Electronically produced sounds are often most seductive when they seem exotic or extraterrestrial. The history of electronic music is riddled with titles that reference outer space, and electronic tones and soundscapes were quickly adopted by filmmakers and television producers who recognized that alien sounds had the capacity to directly evoke experiences and worlds that fracture the logic on which we hang our everyday assumptions and habits. While such sounds clearly can suggest disturbances with occult or extraterrestrial causes, they can also make us suspect that there is something amiss beneath the veneer of apparently normal settings.
With Madalyn Merkey’s latest record, Valley Girl, we encounter sounds that may seem to speak of another world, but she claims that the album was inspired by the agriculture and landscape of Oakland, Calif. There is thus a play between a real landscape that serves as her home, and sounds that make us “hear a new world.” The title of the first track, “Archipelago,” suggests a humid, tropical region when associated with the sounds that make it up. A minimalist deployment of droning sine tones is washed over by flashes of wild color, whispers of warm sand and turquoise sea. But when she processes her voice through a vocoder, during the “valleys” unfolded from time to time, the tropical imagery disappears in the heady miasma of a voice from outer space. It’s a startling combination of elements, and one that has beckoned me back for repeated return trips.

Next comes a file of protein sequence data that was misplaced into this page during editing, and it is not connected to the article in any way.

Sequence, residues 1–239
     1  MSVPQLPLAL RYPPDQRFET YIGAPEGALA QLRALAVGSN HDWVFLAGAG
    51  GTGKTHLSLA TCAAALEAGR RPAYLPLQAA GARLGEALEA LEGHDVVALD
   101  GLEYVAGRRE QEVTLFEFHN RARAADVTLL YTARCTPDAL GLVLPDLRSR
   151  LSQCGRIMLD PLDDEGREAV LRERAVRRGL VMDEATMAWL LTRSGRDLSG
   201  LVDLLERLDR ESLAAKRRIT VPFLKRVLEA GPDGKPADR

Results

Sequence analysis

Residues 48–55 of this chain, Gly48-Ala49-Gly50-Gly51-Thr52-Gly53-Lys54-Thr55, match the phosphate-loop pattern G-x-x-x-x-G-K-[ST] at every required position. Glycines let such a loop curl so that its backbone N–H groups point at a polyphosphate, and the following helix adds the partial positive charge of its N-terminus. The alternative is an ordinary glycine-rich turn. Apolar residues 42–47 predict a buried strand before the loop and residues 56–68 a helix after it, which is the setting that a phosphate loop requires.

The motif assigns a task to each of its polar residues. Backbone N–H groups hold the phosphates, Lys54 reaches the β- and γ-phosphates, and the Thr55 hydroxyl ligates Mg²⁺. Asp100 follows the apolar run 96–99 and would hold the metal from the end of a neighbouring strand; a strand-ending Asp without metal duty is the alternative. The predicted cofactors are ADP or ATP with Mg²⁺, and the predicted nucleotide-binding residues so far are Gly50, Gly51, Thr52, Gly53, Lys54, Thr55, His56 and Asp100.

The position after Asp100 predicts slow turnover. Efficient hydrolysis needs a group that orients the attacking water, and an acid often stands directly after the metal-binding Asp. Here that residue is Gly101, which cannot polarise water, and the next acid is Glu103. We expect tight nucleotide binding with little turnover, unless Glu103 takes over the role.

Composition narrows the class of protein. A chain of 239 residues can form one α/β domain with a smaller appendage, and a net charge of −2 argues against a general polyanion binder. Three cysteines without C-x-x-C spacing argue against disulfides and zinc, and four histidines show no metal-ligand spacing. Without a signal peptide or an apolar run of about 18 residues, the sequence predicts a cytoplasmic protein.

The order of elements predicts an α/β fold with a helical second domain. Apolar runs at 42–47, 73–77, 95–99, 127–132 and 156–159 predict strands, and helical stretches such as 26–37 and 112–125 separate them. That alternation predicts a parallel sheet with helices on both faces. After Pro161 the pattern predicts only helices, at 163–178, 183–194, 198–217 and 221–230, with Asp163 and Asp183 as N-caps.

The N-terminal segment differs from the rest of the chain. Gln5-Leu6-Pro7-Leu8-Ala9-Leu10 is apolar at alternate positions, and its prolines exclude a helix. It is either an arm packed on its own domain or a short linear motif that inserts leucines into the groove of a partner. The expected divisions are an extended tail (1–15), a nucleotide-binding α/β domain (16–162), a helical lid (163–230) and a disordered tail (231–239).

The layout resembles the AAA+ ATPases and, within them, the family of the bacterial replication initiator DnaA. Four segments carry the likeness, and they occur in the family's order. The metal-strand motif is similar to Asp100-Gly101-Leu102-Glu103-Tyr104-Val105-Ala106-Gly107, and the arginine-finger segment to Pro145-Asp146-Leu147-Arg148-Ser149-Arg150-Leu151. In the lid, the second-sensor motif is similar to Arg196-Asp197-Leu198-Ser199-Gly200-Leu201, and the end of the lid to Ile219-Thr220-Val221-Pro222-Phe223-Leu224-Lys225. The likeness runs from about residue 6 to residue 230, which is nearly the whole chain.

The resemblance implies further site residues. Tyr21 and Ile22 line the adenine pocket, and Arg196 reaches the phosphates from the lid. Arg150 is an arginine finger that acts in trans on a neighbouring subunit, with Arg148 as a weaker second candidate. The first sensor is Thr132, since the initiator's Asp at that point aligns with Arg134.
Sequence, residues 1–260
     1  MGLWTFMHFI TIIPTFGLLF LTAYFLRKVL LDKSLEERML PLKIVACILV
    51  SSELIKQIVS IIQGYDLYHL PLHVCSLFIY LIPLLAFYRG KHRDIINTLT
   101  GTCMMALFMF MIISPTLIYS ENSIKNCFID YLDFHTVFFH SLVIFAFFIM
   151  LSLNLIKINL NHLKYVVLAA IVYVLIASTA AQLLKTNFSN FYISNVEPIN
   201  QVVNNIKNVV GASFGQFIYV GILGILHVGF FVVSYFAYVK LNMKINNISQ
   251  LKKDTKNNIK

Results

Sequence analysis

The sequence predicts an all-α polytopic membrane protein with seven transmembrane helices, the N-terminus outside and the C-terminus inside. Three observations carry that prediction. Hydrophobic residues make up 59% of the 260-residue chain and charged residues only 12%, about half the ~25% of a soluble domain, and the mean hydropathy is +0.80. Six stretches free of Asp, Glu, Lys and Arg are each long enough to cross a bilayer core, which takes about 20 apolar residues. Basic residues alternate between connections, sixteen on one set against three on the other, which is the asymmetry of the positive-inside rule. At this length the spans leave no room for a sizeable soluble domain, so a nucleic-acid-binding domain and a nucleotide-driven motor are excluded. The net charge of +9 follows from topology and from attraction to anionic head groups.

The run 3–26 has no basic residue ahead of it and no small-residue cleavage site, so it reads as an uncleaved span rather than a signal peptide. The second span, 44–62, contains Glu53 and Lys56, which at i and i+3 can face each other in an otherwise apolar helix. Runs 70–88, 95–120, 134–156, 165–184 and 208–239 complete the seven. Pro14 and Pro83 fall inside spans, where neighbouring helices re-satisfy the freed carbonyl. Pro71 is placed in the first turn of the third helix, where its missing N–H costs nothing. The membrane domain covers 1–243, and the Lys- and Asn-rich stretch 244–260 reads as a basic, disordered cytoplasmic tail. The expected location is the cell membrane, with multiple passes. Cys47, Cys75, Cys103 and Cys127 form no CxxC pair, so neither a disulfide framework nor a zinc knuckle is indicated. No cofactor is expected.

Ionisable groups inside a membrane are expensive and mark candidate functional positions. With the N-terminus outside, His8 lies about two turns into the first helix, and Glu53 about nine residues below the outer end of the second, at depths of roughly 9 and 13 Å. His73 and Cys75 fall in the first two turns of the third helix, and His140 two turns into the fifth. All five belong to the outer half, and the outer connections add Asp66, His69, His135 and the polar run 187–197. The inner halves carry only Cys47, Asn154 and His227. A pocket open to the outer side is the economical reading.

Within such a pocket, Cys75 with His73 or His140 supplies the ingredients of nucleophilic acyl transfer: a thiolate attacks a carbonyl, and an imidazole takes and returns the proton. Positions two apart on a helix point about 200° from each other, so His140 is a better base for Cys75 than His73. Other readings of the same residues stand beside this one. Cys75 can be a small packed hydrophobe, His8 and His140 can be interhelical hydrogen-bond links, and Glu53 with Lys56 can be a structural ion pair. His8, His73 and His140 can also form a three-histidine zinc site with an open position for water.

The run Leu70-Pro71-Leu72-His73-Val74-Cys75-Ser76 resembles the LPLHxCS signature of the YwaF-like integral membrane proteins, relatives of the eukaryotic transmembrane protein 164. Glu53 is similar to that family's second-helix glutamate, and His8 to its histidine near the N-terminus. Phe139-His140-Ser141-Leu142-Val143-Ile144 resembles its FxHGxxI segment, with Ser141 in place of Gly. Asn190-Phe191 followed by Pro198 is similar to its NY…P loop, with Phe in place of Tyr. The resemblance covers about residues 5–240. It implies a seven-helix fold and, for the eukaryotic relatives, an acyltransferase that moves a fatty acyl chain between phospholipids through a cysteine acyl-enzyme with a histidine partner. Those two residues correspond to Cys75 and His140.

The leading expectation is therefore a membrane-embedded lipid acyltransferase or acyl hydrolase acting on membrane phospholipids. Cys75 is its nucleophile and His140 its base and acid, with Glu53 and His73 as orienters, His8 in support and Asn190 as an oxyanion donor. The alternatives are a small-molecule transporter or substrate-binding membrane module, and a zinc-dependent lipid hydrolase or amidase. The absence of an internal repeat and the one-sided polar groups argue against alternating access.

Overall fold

Lately, I’ve also been slightly obsessed with a track of Robert Ashley’s, “Flying Saucer Dialogue,” which was produced, like Merkey’s album, at Mills College. It plays human voices against an electronic soundscape that veers toward dystopian dimensions. I think there is something like that going on in “Archipelago,” but Merkey also manages to throw a paradise, somewhere beyond the edge of the mind, into the mix. This makes it, to me, the most alluring piece on Valley Girl. “Arpent” is also quite striking though, and it seems to contain phantom transmissions from dead satellites that provide some sort of coded information. There is something mysterious and alluring about the intelligence that has organized it. This intelligence is asserted by the singular shape that the track takes, but it remains remote from us, the premises upon which its thought proceeds incomprehensible.
“Arpent” also contains a tone that reminded me of a sound from another piece that I couldn’t put my finger on. It was like being in the presence of a ghost, or like Merkey’s composition was haunted by the shadow of a track that was all too present, but which was wholly absent so long as I couldn’t name it. Eventually, I realized that I was being haunted by Biosphere’s “Phantasm,” a pleasant little exercise in conjuring the supernatural through synthesized sound. It was strange to be jarred out of the world of Merkey’s piece and thrown onto a pursuit of the level of the past to which this tone belonged in my memory.
This movement itself though, from absorption in “Arpent” to its taking a place in a chain of associations, seemed odd all on its own. Why should something so singular become the source of reminiscence rather than carrying me along its own unique aural pathway? But maybe this movement is an analogue to that that takes us from the rolling hills on the Oakland horizon into a hermetic, exotic soundworld. We take the trip organized for us, but we may slide into our own space, somewhere between the sounds and our memories. Still though, the best thing about this record is that at times it seems to call out from a place that we have never seen or heard of, but which may prove to be a future port of call.